I’ve learned heaps from Wenham about understanding the Old Testament in context. Particularly, his commentaries on Genesis (2 volumes, WBC) and Leviticus (NICOT) and Numbers (TCOT) are so insightful, and Story as Torah: Reading Old Testament Narrative Ethically (T&T Clark, 2000) makes sense of difficult passages.
In this book, he guides us to the Psalms, showing us how to:
- celebrate the God revealed in the Psalms
- present our needs to him
- read Psalms in the context of the whole story of Scripture
- understand Psalms in light of the Messiah
- apply the ethics of the Psalms
- handle the imprecatory Psalms
He then pulls it all together with a specific example from Psalm 103, before the final chapter on how the other nations fit with the Psalms.
Do you treat the Psalms as stand-alone songs? Or were they assembled in a meaningful way, so that one Psalm relates to the others around it? How do you read them in context?
Chapter 7 shows how. From Psalm 103: The Song of Steadfast Love:
Continue reading “Wenham shows us how to approach the Psalms (free book)”
What does the word ‘Christ’ mean? Joshua Jipp shows that the New Testament’s message is that Jesus is the Messiah, the God-appointed king for humanity. That’s good news.
Over 500 times the New Testament refers to Jesus as the Christ. That’s twice a chapter! It must be important.
What are we saying when we call Jesus the Christ? Is it just an alternative name? Or is it making a statement about who he is and the authority he carries? How is the Christ the centre of the whole narrative, the one who reconciles earth to heaven’s authority?
You’d think that after 2000 years we’d have something this basic sorted out, but not everyone understands the Christ as a proclamation that Jesus is the Messiah — the leader anointed by God so heaven’s reign is restored to earth.
Christology is the branch of theology devoted to studying the Christ. Understanding Christ as king is often just a minor point of Christology. That’s being challenged. For example, last year Joshua Jipp wrote The Messianic Theology of the New Testament (Eerdmans, 2020) to show this:
Continue reading “Joshua Jipp’s Messianic Theology”
Free commentary containing the 2021 blog posts on the Book of Zechariah.
Here is a free commentary on Zechariah for you to download (PDF, 1MB). It contains all our 2021 posts on Zechariah, including the introduction (below). Enjoy.
Continue reading “Zechariah: a kingdom perspective (free commentary)”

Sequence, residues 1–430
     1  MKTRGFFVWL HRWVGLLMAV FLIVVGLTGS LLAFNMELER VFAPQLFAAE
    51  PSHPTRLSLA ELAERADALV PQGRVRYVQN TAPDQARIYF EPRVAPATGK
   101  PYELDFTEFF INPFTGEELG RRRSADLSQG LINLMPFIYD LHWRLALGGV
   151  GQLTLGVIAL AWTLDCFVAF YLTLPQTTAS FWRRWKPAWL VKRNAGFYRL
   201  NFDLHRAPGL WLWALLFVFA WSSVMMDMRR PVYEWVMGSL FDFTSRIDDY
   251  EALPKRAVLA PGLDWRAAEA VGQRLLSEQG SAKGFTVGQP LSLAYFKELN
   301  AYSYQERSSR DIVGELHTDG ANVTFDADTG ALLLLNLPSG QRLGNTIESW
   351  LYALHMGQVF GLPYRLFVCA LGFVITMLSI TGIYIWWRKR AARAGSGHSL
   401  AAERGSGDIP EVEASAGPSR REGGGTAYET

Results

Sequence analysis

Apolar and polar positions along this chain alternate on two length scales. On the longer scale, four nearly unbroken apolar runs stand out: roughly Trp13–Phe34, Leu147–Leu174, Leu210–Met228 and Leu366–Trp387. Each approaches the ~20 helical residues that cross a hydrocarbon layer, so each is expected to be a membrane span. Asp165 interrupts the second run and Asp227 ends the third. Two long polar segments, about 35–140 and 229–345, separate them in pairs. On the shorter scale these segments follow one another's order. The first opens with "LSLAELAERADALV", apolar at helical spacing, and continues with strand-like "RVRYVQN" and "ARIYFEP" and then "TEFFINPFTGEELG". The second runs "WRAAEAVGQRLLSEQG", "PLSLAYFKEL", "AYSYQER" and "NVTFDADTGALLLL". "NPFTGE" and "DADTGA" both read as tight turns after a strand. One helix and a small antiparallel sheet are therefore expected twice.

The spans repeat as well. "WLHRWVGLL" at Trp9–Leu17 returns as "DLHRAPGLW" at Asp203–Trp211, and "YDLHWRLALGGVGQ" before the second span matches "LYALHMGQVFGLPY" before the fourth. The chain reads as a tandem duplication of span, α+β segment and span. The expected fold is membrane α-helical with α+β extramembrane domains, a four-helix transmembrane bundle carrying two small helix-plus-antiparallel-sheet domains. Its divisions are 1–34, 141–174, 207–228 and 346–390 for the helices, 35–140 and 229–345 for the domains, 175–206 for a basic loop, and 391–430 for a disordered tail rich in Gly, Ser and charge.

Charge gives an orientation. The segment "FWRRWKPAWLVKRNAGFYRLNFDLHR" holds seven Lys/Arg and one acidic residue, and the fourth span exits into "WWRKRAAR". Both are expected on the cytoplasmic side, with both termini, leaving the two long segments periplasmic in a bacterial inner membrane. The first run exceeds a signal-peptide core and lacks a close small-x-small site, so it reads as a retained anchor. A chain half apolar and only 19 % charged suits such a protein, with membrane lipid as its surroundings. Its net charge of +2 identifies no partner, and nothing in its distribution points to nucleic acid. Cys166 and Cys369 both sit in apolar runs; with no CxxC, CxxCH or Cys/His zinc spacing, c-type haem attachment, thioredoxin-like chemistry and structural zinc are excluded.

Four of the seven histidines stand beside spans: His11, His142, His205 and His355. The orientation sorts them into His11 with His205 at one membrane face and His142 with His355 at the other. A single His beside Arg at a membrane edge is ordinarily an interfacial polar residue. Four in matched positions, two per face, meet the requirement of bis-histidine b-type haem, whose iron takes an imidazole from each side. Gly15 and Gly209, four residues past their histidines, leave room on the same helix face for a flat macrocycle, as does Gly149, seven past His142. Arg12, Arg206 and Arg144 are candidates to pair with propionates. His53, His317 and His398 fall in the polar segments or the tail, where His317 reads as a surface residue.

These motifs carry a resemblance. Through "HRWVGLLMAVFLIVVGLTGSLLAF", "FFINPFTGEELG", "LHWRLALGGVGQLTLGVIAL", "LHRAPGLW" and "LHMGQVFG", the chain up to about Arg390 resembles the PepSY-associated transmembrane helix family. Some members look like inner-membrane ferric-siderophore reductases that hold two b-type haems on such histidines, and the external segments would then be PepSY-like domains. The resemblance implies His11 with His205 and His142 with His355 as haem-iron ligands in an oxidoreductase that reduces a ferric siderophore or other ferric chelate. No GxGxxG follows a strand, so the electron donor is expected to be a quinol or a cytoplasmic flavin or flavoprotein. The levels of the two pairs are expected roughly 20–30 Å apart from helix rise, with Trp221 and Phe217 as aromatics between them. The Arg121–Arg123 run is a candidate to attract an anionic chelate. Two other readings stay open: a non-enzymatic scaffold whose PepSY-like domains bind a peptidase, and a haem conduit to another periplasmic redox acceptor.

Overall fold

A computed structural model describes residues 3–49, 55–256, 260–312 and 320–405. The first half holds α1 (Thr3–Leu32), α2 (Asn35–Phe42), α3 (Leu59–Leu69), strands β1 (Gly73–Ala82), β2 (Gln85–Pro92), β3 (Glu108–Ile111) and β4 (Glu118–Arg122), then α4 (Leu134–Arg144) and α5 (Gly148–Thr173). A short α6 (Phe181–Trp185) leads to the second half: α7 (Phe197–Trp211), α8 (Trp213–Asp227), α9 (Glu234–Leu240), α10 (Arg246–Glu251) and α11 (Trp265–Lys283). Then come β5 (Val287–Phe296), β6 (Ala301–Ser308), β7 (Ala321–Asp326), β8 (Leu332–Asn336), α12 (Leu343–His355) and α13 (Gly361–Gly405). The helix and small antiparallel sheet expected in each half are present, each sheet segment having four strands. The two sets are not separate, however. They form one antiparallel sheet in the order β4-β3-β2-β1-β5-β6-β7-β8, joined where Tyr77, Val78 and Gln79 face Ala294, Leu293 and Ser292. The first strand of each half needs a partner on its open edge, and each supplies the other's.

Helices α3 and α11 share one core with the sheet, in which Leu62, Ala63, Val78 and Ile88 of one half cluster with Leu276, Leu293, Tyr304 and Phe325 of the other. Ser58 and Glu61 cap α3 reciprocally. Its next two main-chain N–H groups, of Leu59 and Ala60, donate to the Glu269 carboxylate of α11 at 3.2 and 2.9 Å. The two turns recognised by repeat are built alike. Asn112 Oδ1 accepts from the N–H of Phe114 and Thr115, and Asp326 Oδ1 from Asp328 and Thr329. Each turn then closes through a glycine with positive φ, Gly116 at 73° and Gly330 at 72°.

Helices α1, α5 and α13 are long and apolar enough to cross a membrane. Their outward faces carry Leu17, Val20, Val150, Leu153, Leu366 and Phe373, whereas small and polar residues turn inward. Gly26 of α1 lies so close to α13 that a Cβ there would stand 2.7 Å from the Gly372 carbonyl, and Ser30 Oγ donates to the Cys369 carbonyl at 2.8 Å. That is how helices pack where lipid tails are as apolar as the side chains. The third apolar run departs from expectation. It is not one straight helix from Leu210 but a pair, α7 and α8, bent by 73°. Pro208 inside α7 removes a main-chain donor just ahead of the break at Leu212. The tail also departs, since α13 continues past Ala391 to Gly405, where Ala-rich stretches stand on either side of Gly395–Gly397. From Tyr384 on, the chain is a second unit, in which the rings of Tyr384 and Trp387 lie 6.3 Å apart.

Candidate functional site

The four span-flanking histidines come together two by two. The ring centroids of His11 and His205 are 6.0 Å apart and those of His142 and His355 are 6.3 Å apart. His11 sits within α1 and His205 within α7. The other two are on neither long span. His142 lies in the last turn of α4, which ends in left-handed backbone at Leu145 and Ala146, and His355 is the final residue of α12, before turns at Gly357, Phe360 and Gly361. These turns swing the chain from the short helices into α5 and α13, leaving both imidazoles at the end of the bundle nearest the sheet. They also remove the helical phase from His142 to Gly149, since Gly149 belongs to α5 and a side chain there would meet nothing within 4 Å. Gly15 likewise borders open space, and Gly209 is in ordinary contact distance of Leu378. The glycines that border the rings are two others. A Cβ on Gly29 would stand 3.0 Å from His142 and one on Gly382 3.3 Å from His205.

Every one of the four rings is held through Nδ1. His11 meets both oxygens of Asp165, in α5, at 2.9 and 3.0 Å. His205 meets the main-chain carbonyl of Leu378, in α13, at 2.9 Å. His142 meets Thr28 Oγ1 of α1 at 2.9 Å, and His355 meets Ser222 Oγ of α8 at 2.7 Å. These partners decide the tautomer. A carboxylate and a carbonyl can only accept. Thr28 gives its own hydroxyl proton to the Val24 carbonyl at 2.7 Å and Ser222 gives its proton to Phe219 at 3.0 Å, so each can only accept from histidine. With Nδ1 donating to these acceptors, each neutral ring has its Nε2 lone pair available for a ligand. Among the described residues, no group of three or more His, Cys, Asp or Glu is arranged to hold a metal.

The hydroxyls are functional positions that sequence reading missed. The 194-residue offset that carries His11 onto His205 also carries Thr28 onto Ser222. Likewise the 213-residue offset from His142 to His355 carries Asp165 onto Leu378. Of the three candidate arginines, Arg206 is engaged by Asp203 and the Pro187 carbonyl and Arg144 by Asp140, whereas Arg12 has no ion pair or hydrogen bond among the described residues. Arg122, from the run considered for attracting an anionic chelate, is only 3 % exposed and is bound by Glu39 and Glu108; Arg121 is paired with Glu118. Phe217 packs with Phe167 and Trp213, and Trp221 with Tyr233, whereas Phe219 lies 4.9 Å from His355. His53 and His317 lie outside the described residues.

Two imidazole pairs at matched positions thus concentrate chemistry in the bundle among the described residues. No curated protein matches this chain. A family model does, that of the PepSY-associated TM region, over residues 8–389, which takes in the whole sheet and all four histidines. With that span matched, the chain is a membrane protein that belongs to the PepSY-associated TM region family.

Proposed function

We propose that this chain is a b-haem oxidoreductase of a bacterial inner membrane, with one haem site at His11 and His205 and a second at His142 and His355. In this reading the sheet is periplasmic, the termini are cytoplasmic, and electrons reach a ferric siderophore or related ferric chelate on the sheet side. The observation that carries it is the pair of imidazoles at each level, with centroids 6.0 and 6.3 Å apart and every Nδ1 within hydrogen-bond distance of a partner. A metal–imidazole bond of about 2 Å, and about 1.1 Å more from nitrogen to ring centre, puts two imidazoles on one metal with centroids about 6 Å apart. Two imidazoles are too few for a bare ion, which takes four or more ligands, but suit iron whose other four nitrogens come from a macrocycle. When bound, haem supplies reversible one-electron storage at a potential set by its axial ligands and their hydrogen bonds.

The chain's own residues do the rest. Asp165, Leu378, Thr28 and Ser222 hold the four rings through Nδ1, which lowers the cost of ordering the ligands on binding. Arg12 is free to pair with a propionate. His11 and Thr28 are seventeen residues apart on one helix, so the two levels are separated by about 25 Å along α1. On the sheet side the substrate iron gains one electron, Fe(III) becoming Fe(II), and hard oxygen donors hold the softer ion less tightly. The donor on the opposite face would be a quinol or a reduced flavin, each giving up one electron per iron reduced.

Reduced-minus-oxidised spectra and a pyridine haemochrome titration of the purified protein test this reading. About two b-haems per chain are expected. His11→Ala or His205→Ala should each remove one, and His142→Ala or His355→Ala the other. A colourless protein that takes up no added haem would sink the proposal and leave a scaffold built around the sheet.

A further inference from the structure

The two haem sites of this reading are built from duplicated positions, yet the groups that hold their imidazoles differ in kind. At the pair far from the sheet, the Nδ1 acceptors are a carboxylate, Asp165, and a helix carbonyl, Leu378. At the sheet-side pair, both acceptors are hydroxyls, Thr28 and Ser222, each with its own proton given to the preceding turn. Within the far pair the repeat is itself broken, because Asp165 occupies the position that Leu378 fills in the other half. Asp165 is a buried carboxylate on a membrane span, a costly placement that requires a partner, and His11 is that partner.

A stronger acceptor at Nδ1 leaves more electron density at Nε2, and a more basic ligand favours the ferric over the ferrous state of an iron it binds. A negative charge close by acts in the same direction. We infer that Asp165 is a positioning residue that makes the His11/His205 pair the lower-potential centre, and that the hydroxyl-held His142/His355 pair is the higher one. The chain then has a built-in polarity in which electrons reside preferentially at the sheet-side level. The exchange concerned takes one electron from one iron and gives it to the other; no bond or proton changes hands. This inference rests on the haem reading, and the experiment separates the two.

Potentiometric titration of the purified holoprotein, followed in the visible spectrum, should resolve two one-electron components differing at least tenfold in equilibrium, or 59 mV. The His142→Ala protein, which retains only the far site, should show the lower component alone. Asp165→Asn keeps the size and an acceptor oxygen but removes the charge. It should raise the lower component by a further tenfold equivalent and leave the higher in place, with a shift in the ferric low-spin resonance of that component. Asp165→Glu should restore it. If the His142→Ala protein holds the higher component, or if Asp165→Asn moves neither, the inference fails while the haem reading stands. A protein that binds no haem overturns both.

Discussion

Want to hear and respond to the Gospel of Mark? Here’s a good place to start.
Good news! There’s a new commentary on the Gospel of Mark, from an author I’ve been reading. Here’s a quick introduction.
Continue reading “Mark’s Gospel in the Story of God (Tim Gombis)”
The most efficient way to study Scripture.
Rather than just discuss the new features in Logos 9, I thought you might appreciate knowing how I use Logos for researching the kingdom of God.
Continue reading “How I use Logos”
Logos Bible Software has just released version 9. If you’re pondering some quality Bible software, now is a good time. If you already use Logos, version 9 has the familiar feel we’re all accustomed to, with enhancements to explore at your leisure.
Continue reading “Logos 9 is here”
This Kiwi nails it: big picture of the kingdom, in brief.
Update 2020-11-10: The Logos Black Friday sale has this book for 1/3rd price this week.
How do you wrap your head around a topic as big as the kingdom? Here’s a great summary from New Zealand scholar, Mark Keown.
The first volume of his Discovering the New Testament surveys the Gospels and Acts. The rest of the book (pages 417–548) then pulls the whole story together as the kingdom of God.
I’m taking a break this week. I think you’ll enjoy this sample from Mark Keown:
Continue reading “Kingdom summary (Mark Keown)”
Dallas Willard wondered, “Is salvation itself a new and active attachment with God that forms and transforms our identities?”
We teach Spiritual Formation because we want disciples developing character, not just downloading information. Richard Foster’s Celebration of Discipline has been a favourite text, along with several from the late Dallas Willard. If you enjoyed those, check out Jim Wilder, Renovated: God, Dallas Willard, and the Church That Transforms. Continue reading “Spiritual formation as belonging”
Here it is. Our first commentary on a book of the Bible, from the perspective of the kingdom of God.
We covered Ephesians over six months. Those 50+ posts have now been compiled into a free, downloadable commentary.